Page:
Pete actually won GGs in both 69 and 70, but both years, he played more RF than CF. I have serious doubts about his arm in RF and maybe even CF, and that may well be what DRA is seeing, but I would imagine his range was OK, even in CF. He wasn't going to be Curt Flood or Willie Mays, or even Duke Snider or Larry Doby, and I doubt he ever actually deserved a GG, but I would guess he was OK out there in CF when he was young. He was 28 in 1969.

- Brock
   19. DL from MN Posted: February 21, 2012 at 11:47 AM (#4065435)
Do we need an extension? The site was down all weekend.
   20. Sunday silence Posted: February 21, 2012 at 12:33 PM (#4065470)
arent you supposed to take off running at the crack of the bat?
   21. DL from MN Posted: February 21, 2012 at 12:52 PM (#4065492)
arent you supposed to take off running at the crack of the bat?

Only if you know where it's going. It takes me a little while to figure that out.
   22. Rob_Wood Posted: February 21, 2012 at 04:14 PM (#4065668)
My final ballot:

1. Willie McCovey
2. Reggie Jackson
3. Bob Gibson
4. Rico Petrocelli
5. Hank Aaron
6. Jimmy Wynn
7. Tom Seaver
8. Harmon Killebrew
9. Frank Robinson
10. Pete Rose
11. Frank Howard
12. Juan Marichal
   23. Howie Menckel Posted: February 21, 2012 at 09:45 PM (#4065850)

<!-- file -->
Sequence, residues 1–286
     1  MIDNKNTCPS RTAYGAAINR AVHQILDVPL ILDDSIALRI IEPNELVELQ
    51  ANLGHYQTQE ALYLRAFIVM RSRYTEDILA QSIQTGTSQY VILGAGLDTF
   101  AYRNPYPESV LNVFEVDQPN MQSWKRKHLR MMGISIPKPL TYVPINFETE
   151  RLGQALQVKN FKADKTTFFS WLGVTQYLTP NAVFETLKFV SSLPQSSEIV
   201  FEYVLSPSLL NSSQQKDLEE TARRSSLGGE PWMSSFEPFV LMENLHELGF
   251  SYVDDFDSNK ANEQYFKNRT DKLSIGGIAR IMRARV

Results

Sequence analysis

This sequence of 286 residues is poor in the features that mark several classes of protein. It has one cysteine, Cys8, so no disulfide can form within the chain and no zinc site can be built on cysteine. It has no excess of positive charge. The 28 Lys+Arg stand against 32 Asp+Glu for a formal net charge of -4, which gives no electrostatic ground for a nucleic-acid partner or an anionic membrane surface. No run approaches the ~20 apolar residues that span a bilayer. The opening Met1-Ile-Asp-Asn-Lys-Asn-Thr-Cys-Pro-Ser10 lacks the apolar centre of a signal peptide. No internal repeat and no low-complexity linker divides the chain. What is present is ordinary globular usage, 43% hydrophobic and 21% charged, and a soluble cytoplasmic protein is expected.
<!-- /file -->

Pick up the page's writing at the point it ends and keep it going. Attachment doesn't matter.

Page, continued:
per No. 17:

As I noted earlier, I found this ballot to be almost impossible.

Yes, a number of players had nearly identical seasons.

As we've discussed earlier, I don't have as high an opinion of managers and GMs as you do - nor as high an opinion of defensive stats. They are useful, but not as accurate as batting stats imo.

And yes, I recall, as Brock does, Rose's style. I don't think he was nearly as good at CF as RF, but he was a pretty good RF at the time. You lose something with him at CF, but he also hit like hell and was always in the lineup. He was a very good player in 1969 (and like Brock, I'm not particularly a fan of his overall).

   24. bjhanke Posted: February 22, 2012 at 07:52 AM (#4065950)
This is Brock Hanke's final ballot. AAARRGH!!!

I just finished writing a ballot up with comments and everything. However, I wrote it on the thread itself, rather than writing in WORD and copying over. When I tried to submit, the site crashed, with a "Site Preferences Not Found" message. When I got back on, everything was gone. I don't have time to redo the comments before I HAVE to go to bed, but I do have the list. So, sorry, here's the list of names, without comments. If someone wants to question a placement or wonders about a player's comment, I can respond tomorrow. But that will be after the deadline. I sleep during the day, and have things I have to do tomorrow evening.

1. Reggie Jackson
2. Bob Gibson
3. Rico Petrocelli
4. Hank Aaron
5. Tom Seaver
6. Willie McCovey
7. Sal Bando
8. Jimmy Wynn
9. Juan Marichal
10. Bill Hands
11. Larry Dierker
12. Harmon Killebrew
   25. Rick A. Posted: February 22, 2012 at 11:04 AM (#4066010)
1969 MMP Ballot

I use a combination of WSAB and BPWAR. I also look at OPS+, ERA+, IP, and playing time. I give a catcher's bonus and a slight league strength adjustment.

1. Willie McCovey
2. Reggie Jackson